The use of horse chestnuts in this game dates back to the 19th century, but the origins of the game itself may trace back further and possibly used other nuts or seeds before the horse chestnut became popular. The horse chestnut seed’s hard and durable nature makes it ideal for the game, and this association likely solidified the use of the term “conkers” for both the game and the seeds used in it.

Do they have horse chestnut trees in countries other than the UK?

Yes, horse chestnut trees (Aesculus hippocastanum) are found in many countries outside the UK. Originally native to a small area in the Balkans, these trees have been widely cultivated across the temperate regions of the world for their ornamental value and shade.

In Europe, they are common in parks, gardens, and along streets. The trees have also been introduced to North America, where they are often planted in urban and suburban areas. Similarly, in parts of Asia and Australia, horse chestnut trees can be found in similar settings.

The popularity of the horse chestnut tree in various countries is due to its large, showy flowers and the dense canopy it provides. However, it’s important to note that while they are widespread, these trees might not be as culturally significant or used for the same purposes (like playing conkers) as they are in the UK.

Do they have other local names for horse chestnuts around the world?

Yes, horse chestnut trees (Aesculus hippocastanum) are known by various local names around the world. These names can differ depending on the region and language. Some of the common names for horse chestnuts in different countries include:

North America: In the United States and Canada, they are typically known as “horse chestnuts” or “conker trees.” Sometimes, they might also be called “buckeyes,” although this term is more commonly associated with the related species, the American buckeye (Aesculus glabra).

Germany: In German, they are called “Rosskastanie,” which directly translates to “horse chestnut.”

France: The French name for horse chestnuts is “marronnier,” which is distinct from “châtaigne,” the word for sweet chestnut.

Spain: In Spanish, these trees are known as “castaño de Indias,” which translates to “Indian chestnut.”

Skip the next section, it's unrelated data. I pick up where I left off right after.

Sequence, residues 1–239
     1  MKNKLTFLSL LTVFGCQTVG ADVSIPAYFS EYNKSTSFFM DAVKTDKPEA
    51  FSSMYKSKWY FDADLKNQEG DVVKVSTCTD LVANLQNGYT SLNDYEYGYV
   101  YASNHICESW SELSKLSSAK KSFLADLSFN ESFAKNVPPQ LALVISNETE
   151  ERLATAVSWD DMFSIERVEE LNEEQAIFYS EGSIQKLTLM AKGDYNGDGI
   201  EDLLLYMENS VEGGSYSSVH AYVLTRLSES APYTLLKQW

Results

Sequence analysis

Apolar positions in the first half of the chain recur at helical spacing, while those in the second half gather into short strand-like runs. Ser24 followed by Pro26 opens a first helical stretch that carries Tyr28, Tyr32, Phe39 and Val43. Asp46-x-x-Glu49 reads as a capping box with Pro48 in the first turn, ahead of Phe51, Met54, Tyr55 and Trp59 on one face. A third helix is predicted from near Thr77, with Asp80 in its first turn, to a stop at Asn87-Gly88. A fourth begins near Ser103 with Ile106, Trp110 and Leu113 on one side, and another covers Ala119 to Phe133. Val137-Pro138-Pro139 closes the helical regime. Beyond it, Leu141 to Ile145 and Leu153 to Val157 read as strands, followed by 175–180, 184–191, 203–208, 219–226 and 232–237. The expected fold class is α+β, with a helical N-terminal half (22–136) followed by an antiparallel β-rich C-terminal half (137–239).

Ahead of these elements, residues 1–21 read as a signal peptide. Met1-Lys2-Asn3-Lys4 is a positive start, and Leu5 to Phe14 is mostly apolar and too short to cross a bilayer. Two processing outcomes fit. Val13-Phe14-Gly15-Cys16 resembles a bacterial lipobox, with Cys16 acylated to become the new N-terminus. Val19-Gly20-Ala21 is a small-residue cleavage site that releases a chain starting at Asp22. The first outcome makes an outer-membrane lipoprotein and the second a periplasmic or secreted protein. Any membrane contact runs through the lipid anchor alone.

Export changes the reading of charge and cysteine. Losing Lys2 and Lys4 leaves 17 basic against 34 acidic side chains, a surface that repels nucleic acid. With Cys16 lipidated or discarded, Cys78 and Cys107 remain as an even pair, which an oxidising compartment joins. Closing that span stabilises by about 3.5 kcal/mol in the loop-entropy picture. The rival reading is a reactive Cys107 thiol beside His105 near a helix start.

Italy: In Italian, horse chestnuts are called “ippocastano,” again translating to “horse chestnut.”

Netherlands: The Dutch refer to them as “paardenkastanje,” which is similar to the German name.

These local names often reflect cultural associations, historical uses, or physical characteristics of the tree. However, the term “horse chestnut” is widely understood in many parts of the world due to the spread of English. It’s also important to distinguish between the horse chestnut and other species like the sweet chestnut (Castanea sativa), which is a different species entirely and more commonly used for culinary purposes.

Why is it a “horse” chestnut? What is the horse bit about?

The term “horse” in “horse chestnut” is believed to originate from several historical uses of the tree and its seeds that were related to horses. The name does not imply any botanical relationship with true chestnuts (of the genus Castanea). Here are a few theories behind the “horse” prefix:

Medicinal Use for Horses: One of the most widely accepted explanations is that the tree’s seeds, leaves, or bark were once used as a remedy for respiratory illnesses in horses. The name might have originated from this medicinal application.

Horse Markings: Another theory suggests that the name comes from the scar left on the twig after the leaves fall, which resembles a horseshoe complete with nail marks. This distinctive mark could have led to the association with horses.

Comparison with True Chestnuts: The “horse” prefix might also have been used to distinguish these trees from sweet chestnuts (Castanea), which are edible and were a valuable food source in Europe. The “horse” prefix might imply that the horse chestnuts are an inferior or inedible variety, suitable for animals like horses but not for human consumption.

External Application for Horses: It’s also suggested that the crushed seeds or leaves were used externally as a sort of poultice for treating sores and swellings on horses.

Despite these theories, the exact origin of the name is not definitively known and might be a combination of these factors – I can’t speyk as to why they are called “horse chestnuts” I can only surmise some reasons this might be the case. It’s important to note that horse chestnuts are toxic to humans and many animals if ingested, so their use is mainly ornamental and for recreational purposes like the game of conkers.

About Robin Scott

I'm Robin Scott, a WordPress Consultant and WooCommerce expert developer who, along with three other people, runs a business called Silicon Dales Ltd remotely, from a base in the North of the UK. I enjoy using my talents for programming to track and interpret sporting, political or retail data - and therefore you'll see me posting some content in these spaces in this, my personal website. If you're interested to talk about leveraging this for your business (in sport, entertainment, retail, etc) please contact me.